Philip Mayer

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Looking Back on Law School, Upon Graduation

In two days, I am going to graduate from law school. This post, like Yuko’s from last week, is going to provide some reflections on my experience over the last three years.

Looking back, the first year of school was exactly as bad as everyone says. The first semester, in particular, was extraordinarily stressful. I often felt lost, I dreaded cold calls, and I never felt like I was on top of the material. Not even rose-colored glasses can improve the situation. If you’re planning on going to law school, you shouldn’t expect anything different—you’re in for a trial by fire.

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The Importance of Pre-Op Steps in the Operation Family

Many Blueprint students are starting on the Operation family of the Logical Reasoning section of the LSAT around this time. The Operation family is made up of Strengthen, Weaken, Sufficient, and Necessary questions, as well as a few others. What unites these questions is that you have change the argument in some way. This post is going to cover the strategy you should employ to succeed on this family of question.

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Law School Admission Standards Have Been Declining. That’s Good News … Right …?

Harvard Law recently decided to allow applicants to submit GRE scores in lieu of LSAT scores. The move has added fuel to the fire that law schools are needlessly lowering their academic standards. Good news for those who are about to apply, right? Well … lower standards come with ramifications both positive and negative.

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Even with the Resistance, It’s a Buyer’s Market for Law School

In the aftermath of President Trump’s initial travel ban, ACLU lawyers became heroes—donations surged and people around the country (all right, maybe not so many people in the deep red states) applauded their efforts. Some suggested that Trump would inspire more applicants to law school, but the applications are about stagnant from last year. If you’re considering taking the LSAT and applying to law school, this might strike you as a discouraging sign for your career prospects. Quite the opposite, however. The longer applications stay stagnant, the better for applicants.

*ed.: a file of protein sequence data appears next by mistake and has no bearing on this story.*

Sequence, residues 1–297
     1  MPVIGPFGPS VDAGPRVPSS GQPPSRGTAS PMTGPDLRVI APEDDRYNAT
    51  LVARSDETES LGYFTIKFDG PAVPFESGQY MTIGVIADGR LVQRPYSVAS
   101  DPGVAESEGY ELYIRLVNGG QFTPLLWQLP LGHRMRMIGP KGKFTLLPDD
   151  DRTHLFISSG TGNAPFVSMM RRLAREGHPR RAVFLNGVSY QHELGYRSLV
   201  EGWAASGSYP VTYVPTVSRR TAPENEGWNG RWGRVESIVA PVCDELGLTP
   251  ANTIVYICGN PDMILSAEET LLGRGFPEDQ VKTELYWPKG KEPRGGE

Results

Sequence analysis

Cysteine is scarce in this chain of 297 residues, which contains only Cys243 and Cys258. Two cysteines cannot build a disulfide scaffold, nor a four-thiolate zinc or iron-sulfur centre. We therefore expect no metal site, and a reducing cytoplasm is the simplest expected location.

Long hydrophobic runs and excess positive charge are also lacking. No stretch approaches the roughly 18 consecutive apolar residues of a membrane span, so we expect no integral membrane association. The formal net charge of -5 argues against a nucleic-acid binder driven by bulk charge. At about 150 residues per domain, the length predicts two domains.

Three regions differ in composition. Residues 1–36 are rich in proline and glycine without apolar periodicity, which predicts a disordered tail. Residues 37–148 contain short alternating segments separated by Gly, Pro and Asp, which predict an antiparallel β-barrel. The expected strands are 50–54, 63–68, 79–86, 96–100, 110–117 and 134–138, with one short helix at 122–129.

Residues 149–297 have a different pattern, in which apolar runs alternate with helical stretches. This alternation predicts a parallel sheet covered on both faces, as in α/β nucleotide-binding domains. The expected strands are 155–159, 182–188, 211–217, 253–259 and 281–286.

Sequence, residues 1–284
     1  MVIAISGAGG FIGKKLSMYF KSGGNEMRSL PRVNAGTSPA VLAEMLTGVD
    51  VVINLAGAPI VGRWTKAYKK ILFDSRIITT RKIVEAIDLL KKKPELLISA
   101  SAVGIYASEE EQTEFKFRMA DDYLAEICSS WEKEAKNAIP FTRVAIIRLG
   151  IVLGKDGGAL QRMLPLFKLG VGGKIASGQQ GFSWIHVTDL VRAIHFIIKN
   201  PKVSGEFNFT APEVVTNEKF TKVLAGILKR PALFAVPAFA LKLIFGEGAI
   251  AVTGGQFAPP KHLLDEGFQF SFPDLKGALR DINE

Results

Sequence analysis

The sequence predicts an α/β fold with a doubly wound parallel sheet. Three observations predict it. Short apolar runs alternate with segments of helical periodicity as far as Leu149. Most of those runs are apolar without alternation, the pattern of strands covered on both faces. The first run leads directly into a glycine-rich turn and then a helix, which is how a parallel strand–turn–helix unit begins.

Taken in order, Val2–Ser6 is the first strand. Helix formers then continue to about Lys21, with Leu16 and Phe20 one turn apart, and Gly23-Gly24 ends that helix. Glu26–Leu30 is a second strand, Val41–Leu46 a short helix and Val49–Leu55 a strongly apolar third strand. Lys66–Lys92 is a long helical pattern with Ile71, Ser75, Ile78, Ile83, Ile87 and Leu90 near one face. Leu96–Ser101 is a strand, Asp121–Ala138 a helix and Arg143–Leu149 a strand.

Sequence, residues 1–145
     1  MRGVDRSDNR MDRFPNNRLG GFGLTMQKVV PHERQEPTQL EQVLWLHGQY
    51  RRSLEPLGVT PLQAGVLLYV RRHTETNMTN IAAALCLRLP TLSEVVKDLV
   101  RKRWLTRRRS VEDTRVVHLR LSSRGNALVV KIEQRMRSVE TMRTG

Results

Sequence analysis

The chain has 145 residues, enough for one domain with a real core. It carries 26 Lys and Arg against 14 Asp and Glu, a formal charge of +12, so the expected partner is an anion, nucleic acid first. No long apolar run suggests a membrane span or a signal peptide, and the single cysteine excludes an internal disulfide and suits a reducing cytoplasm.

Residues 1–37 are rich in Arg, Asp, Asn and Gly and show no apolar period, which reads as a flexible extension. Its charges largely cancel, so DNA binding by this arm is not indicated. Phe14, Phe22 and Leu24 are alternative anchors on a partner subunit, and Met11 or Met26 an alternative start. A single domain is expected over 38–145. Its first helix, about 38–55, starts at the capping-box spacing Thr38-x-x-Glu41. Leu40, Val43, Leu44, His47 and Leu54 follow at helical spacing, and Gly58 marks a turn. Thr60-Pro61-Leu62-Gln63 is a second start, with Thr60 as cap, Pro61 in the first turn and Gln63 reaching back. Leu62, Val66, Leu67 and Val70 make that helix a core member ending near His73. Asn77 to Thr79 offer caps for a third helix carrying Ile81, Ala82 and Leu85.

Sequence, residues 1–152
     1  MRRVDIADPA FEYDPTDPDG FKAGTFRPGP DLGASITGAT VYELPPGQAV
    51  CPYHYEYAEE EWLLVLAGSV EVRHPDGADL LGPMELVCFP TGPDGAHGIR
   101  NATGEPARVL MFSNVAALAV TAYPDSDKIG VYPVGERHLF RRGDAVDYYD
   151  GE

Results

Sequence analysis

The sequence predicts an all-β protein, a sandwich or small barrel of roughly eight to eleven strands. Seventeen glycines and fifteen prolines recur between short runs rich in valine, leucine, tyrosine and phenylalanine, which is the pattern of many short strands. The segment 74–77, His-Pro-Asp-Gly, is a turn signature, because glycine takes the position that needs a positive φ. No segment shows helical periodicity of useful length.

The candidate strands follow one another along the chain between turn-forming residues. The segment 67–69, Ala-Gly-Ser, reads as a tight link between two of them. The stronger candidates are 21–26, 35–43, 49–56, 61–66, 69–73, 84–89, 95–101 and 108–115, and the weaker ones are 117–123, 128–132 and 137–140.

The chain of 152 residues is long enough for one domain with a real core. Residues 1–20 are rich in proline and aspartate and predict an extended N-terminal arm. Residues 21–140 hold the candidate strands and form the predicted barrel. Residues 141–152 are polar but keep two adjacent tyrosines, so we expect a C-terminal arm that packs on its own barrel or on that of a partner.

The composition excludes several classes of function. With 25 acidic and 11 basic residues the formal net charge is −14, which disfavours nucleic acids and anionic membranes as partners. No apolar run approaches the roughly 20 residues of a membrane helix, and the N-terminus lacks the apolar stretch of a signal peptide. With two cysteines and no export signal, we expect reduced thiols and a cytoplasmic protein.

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ISPs, the FCC, and the Stuff You Do on the Internet: A Rundown of Congress’ New Internet Privacy Law

Nowadays, people are willing to publicize a vast amount of private information. From locations and dates of birth to sexual orientation and relationship status, almost every aspect of a person’s life can often be found online with a few clicks. Yet, there is one area of our lives that we generally try to guard—our online search histories. I, for one, get a little nervous when someone asks to borrow my computer, just in case they open up my search history (not because there’s anything particular damning or deviant, I’m not that interesting).

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A law school’s cost is only one factor in assessing value.

One of the biggest factors driving students in their choice of law schools is cost. Forbes recently put out a list of the most expensive law schools for 2017. Even when you know exactly what a school costs, it is still difficult to recognize the best value. I’m going to cover some of the factors I would recommend considering, beyond the mere cost of attendance.

Employment Statistics. There may have been a time when jobs were handed out like Halloween candy to recent grads, but we don’t live in that world any more.

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Google’s self-driving cars didn’t just drive themselves over to Uber.

A few years ago, Apple sued Samsung for patent violations. The case resulted in a jury award amounting to over one billion dollars. It was a massive case, and it captured headlines around the world. Just a short time ago, Google filed suit against Uber, beginning a case that could dwarf the Apple v. Samsung litigation.

Google, through its self-driving car subsidiary Waymo, is accusing Uber of stealing its self-driving car technology. The complaint centers on Anthony Levandowski. Levandowski is a former Google employee who now works at Uber.